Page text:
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New levy helps ease homelessness

King County is using a proven pilot program from the Bill & Melinda Gates Foundation as a model to help keep children and families out of homelessness.

BELLEVUE - What started out as a test to help domestic violence victims has turned into a blueprint that elected officials believe could help ease King County's homeless problem.

King County Executive Dow Constantine revealed Tuesday that a portion of funding from the Best Starts for Kids Levy voters approved last year will go toward keeping children and families from homelessness.

“Even if you ignore the obligation we have to make sure kids aren’t being harmed – just a dollars and cents analysis … this is the least expensive way to go and we’ve got to do more of this across the board,” Constantine said. “This is good for taxpayers because it is much less expensive to help keep somebody housed so they can learn a living and take care of their kids than to have them become homeless and then have to provide shelter and all the programs needed to try and lift them back out of that hole they’ve fallen in to.”

The levy is $400 million. This part of the plan, based on a Bill & Melinda Gates Foundation pilot program, will use about $19 million of that.

Constantine said the funding will help give a “customized” approach, giving people facing homelessness tailored guidance from case managers. “Customized interventions” can range from helping someone get a commercial driver’s license they need to stay employed, get clothes for a new job or help with the first month’s rent.

“Just putting money isn’t enough,” said Maria Williams, Program Director for Lifewire, a group that helps domestic violence victims. “It’s both the flexible finances that allow flexible services to exist and then case management to go alongside those services to make sure that families are really getting their needs met in a comprehensive way.”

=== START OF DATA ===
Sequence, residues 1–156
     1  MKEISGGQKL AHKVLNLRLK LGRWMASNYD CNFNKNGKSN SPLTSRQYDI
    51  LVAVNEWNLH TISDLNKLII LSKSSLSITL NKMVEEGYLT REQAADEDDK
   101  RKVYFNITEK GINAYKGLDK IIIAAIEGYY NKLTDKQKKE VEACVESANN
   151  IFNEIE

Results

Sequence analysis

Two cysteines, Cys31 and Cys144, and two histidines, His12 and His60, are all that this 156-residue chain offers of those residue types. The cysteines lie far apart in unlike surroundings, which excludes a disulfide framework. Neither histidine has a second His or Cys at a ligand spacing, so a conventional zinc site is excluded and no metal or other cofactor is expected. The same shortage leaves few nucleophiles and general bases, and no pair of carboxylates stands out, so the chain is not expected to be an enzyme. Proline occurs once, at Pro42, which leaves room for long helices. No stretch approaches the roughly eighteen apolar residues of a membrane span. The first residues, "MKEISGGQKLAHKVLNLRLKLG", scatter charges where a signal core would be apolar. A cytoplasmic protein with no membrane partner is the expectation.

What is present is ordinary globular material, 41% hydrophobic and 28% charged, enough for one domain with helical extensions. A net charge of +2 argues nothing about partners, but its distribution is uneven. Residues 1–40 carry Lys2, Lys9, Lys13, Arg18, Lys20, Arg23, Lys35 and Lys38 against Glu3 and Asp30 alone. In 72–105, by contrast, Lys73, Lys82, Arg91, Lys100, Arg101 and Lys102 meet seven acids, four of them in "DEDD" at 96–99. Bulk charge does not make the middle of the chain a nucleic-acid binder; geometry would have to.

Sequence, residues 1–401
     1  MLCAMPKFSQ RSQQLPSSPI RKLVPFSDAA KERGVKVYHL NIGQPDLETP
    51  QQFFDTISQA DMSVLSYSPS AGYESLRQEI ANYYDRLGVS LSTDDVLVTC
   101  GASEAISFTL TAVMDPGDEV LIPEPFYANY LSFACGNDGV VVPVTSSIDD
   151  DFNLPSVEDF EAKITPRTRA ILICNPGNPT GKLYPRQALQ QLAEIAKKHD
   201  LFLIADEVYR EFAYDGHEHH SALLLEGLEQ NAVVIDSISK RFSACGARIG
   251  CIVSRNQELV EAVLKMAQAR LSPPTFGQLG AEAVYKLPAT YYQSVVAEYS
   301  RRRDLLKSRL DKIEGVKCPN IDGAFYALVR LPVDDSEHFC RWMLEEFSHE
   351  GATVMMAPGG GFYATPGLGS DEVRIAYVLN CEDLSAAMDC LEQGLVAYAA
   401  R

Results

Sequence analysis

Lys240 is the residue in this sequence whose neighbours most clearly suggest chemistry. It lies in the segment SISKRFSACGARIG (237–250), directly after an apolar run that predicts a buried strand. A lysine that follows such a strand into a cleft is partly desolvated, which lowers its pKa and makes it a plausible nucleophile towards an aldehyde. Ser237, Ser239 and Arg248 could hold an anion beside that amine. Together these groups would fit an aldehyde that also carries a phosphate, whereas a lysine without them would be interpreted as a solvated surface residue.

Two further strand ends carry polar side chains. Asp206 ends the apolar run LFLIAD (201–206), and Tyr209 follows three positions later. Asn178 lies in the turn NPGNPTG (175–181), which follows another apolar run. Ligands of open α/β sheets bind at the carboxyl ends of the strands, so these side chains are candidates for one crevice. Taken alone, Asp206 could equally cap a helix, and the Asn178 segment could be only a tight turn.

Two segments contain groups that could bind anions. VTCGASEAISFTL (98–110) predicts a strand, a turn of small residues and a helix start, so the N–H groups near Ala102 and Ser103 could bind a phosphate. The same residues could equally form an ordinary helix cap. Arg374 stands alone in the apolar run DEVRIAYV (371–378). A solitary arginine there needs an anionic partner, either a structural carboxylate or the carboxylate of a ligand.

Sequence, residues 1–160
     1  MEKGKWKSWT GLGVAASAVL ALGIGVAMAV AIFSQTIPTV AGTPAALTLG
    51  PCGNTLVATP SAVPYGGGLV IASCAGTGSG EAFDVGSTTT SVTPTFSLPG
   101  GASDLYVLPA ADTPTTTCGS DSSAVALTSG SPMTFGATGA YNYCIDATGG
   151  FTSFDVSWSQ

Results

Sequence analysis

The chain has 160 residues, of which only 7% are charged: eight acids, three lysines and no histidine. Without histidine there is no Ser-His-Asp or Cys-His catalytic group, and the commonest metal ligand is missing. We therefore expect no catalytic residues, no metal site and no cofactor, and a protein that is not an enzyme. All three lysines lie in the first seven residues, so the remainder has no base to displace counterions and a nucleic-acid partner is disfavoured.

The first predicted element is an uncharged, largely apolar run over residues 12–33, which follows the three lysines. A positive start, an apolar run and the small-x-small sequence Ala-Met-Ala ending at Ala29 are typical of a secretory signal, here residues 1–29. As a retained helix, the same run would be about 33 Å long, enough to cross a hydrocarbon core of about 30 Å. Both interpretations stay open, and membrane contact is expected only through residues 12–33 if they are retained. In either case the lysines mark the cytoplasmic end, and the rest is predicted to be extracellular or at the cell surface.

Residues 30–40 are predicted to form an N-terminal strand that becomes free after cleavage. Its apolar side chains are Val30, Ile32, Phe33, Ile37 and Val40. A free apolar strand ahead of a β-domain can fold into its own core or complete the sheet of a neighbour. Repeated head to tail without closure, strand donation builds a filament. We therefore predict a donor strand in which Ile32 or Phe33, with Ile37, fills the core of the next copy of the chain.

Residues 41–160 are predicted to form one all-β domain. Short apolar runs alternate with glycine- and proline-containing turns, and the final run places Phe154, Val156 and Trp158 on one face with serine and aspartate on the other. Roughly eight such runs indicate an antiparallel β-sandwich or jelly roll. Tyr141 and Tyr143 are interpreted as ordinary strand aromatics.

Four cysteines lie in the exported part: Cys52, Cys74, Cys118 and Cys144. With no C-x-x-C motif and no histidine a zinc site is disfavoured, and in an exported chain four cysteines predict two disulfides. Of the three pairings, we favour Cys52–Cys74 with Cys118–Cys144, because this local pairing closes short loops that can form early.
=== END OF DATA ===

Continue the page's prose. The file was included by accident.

Williams has a personal connection to what the county is doing. Lifewire was a part of the three-year pilot that The Bill & Melinda Gates Foundation paid for in conjunction with the Washington State Coalition Against Domestic Violence.

“What we were seeing [prior to the pilot] is that people were really having to become homeless first – meaning come into emergency shelter or transitional housing – before they could reestablish in safe housing,” Williams said. “It was really an opportunity to be really creative and really listen to what survivors are saying that they need.”

Williams said domestic violence shelters, which started appearing about 35 years ago, are often full and aren’t always immediately available.

“I believe the community – both the domestic violence community and the homeless community - are doing a lot of reevaluation of why they provide services in the way that they do,” she said.

The Gates Foundation studied results from the pilot and found promising results: 96 percent of those in the program still had housing 18 months later and 76 percent needed only minimal services after 18 months.

“When case managers have flexibility to meet the specific needs of parents and caregivers, children have a chance to be children without the fear and anxiety of homelessness,” David Bley said in a statement.

Bley is Director of the Pacific Northwest Initiative at the Bill & Melinda Gates Foundation.

“We’re excited that King County, one of the largest regional governments in the United States, is building on the success of our pilot project to prevent homelessness,” he said.

Maria Williams gave an example of someone the program helped.

“I can think of a woman we worked [who] was an immigrant from Russia,” Williams said. “In Russia she was a seamstress. She loved to sew and was very accomplished at it. When she got here, she was in an abusive relationship. She left the person who was abusing her but had no way to make money because she didn’t have a sewing machine. We were able to use these funds for her to buy a sewing machine.”

Constantine delivers his proposal for the entire Best Starts for Kids initiative June 1.

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